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History Wars: A Long View of Asia's Territorial Disputes (Page 3 of 5)
Photo Credit: REUTERS/Utpal Baruah

Photo Credit: REUTERS/Utpal Baruah

3. Arunachal Pradesh/South Tibet

The dispute over the northeastern Indian state of Arunachal Pradesh, which China claims as South Tibet, is particularly complex since it rests largely on the interpretation of two colonial legacies: that of Britain as the colonizer of India, and that of China as the colonizer of Tibet.

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After British forces had invaded Tibet from their base in India at the start of the 20th century, the 1914 Simla Accord fixed a permanent border – known as the McMahon Line – between the two territories. The Tibetan and British representatives were in agreement about the line, but the Chinese representative did not sign the deal, and China has never formally recognized the border.

But was the Tibetan border even China’s to demarcate? Much of the discussion at the Simla Conference centered on whether China rightfully claimed suzerainty over Tibet, which had de facto independence at the time. The Accord set out that Tibet was part of China (even the Tibetans themselves accepted this during the talks), but added that “Outer Tibet” – effectively what is now the Chinese province of Tibet – was fully autonomous and would not have any Chinese officials within its borders. In any case, China refused to sign the Simla Accord, and so cannot fall back on the document in asserting its claim.

Instead, China’s claim to Tibet is more ancient – and arguably more tenuous. Tibet first fell within the sphere of Genghis Khan and the Mongol Yuan Dynasty (which some say wasn’t really Chinese at all), and thereafter moved in and out of China’s control, as the relative power of the two neighbors waxed and waned.

However, arguments about China’s claim to Tibet have relatively little bearing on China’s territorial dispute with India, since India recognizes Tibet as a Chinese province. What matters is whether India is right to insist that the British-imposed McMahon line should stand, even though China has never recognized it.

Newly independent India was understandably uncomfortable with the colonial-era Simla Accord, and supplanted it by signing a new treaty with China – the Panchsheel Agreement – in 1954. However, the deal did not address border issues, and Prime Minister Jawaharlal Nehru stuck with the McMahon Line despite abandoning other elements of the old colonial framework.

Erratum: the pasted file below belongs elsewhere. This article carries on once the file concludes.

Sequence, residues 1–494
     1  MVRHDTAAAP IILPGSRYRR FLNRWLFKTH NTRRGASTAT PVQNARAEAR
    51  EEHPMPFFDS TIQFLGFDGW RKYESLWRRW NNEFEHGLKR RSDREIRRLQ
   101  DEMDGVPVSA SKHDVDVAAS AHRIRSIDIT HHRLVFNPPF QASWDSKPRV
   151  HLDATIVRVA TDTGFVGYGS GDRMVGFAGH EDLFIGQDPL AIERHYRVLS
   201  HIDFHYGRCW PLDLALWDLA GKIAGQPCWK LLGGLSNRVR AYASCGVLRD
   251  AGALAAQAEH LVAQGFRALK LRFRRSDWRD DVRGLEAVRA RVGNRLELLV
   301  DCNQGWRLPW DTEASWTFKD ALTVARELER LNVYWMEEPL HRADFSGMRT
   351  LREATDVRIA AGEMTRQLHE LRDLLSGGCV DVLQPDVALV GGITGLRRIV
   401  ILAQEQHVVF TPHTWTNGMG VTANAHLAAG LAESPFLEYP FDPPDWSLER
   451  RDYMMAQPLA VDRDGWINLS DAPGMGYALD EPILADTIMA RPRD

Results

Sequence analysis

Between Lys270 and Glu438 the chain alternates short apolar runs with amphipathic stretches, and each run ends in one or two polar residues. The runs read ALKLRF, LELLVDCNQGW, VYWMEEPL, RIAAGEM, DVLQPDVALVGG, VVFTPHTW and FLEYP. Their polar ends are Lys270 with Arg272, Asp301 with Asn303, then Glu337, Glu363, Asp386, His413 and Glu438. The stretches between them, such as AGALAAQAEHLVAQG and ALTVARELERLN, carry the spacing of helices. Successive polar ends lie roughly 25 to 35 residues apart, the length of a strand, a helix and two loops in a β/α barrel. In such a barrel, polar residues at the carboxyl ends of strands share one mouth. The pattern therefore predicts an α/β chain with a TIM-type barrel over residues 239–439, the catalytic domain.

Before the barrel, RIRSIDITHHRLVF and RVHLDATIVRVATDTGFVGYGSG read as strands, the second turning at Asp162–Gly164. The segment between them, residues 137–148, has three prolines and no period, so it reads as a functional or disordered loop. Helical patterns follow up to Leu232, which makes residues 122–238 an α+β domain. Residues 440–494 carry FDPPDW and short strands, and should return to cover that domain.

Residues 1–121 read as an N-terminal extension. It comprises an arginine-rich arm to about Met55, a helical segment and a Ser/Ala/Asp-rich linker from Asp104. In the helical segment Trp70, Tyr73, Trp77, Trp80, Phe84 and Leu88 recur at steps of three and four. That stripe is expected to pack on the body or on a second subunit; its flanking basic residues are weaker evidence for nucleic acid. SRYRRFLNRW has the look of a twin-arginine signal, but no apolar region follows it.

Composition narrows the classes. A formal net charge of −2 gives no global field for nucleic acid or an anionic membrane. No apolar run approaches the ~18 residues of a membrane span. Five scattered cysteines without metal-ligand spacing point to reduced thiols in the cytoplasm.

Some landmarks which are obviously Tibetan in character but which ended up on the Indian side of the line suggests that the Tibetan representatives at Simla – who were negotiating from a position of weakness – may have ceded rather too much territory to the British. The best example is Tawang, the birthplace of a 16th century Dalai Lama at Arunachal Pradesh’s western edge – a site on which China largely bases its claim.

Had Arunachal Pradesh been the only disputed area along the Sino-Indian border, then it might have been easier to settle, since the McMahon Line served both Chinese and Indian purposes in terms of protecting their main strategic interests. Crucially, Premier Zhou Enlai wrote to Nehru in 1959 offering to “take a more or less realistic attitude towards the McMahon Line.” In other words, China could probably accept it if other territorial conditions were met. However, by pressing India’s claims in other areas, such as Aksai Chin, where China’s claim appeared stronger, Nehru bound Arunachal Pradesh together with those other contested areas, over which China and India eventually went to war in 1962 – after which neither side has felt able to back down.

Tentative conclusions: No formal border existed between India and Tibet before the McMahon Line, and though it was a primarily British creation, both the Tibetans and the Indians appeared to view it more or less as the “natural” border – with the exception of places like Tawang. So China’s claim, latterly based on anomalies like Tawang, appears weak. Zhou Enlai implied that China would have ceded Arunachal Pradesh to India, if India had been more flexible over other disputed areas – but that window of opportunity has long since closed.

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